Intercommunal strife subsided relatively quickly and the Cyprus government at the time made all efforts to restore the situation to normality. In 1968 the government initiated intercommunal talks with the Turkish Cypriot leadership under UN auspices for a negotiated agreement on a more functional constitutional system for Cyprus. By 1974 significant progress was achieved through the intercommunal talks but developments that summer interrupted the process, with devastating consequences for the island.

Turkish Invasion and Occupation
On 15 July 1974, the ruling military junta of Greece staged a coup to overthrow the democratically elected government of Cyprus. On 20 July, Turkey, invaded Cyprus, allegedly to restore constitutional order. It seized about 36.2 percent of the territory of the island in the north, an act universally condemned as a gross infringement of international law and the UN Charter.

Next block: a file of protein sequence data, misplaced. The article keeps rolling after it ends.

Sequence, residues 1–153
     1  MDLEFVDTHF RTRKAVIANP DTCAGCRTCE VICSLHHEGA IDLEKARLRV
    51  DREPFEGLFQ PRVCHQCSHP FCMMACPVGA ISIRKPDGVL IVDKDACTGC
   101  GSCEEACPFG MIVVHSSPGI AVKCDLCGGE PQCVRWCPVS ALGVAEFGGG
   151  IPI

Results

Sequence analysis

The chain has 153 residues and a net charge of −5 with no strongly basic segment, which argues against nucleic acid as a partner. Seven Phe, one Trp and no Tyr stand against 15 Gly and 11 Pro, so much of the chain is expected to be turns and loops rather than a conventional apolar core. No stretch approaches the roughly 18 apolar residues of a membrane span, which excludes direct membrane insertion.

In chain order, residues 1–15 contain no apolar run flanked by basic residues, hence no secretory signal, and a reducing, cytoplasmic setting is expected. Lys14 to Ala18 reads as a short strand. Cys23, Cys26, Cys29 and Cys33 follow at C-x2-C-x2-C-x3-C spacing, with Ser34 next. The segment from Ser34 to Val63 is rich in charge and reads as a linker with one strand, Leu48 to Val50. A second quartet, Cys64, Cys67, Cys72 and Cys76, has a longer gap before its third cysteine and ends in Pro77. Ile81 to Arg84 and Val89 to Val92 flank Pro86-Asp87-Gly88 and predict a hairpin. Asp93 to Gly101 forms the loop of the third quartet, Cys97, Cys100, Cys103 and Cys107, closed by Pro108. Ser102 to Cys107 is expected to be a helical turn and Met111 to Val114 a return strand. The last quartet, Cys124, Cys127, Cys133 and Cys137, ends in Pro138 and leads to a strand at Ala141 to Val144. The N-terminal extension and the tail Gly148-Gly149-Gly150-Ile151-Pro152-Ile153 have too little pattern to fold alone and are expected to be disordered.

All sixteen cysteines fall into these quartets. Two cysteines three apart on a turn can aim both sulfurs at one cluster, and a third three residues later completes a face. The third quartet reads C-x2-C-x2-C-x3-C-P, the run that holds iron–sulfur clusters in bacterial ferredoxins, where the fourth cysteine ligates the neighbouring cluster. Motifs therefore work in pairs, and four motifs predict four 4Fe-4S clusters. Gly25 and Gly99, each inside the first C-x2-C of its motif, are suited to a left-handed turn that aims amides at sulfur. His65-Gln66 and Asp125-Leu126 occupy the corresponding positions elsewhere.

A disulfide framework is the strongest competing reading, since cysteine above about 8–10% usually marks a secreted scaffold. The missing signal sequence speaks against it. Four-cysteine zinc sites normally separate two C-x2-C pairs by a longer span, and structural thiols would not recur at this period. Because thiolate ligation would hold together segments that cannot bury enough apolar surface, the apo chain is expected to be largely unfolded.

President Makarios reviews the damage to the Presidential Palace as a result of the 1974 military coup by the junta of Greece. The invasion and occupation had disastrous consequences. More than 160,000 Greek Cypriots living in the north, nearly one third of the population of Cyprus at that time, were forcibly expelled from the occupied northern part of the island where they constituted 80 percent of the population. These people are still prevented by Turkish military presence from returning to their homes and properties. A further 20, 000 persons, the majority of which Greek Cypriots enclaved in the occupied areas were gradually, through intimidation and denial of their basic human rights, forced to abandon their homes. According to the latest report of the Secretary General to the Security Council there are only around 384 Greek Cypriots and 142 Maronites enclaved persons.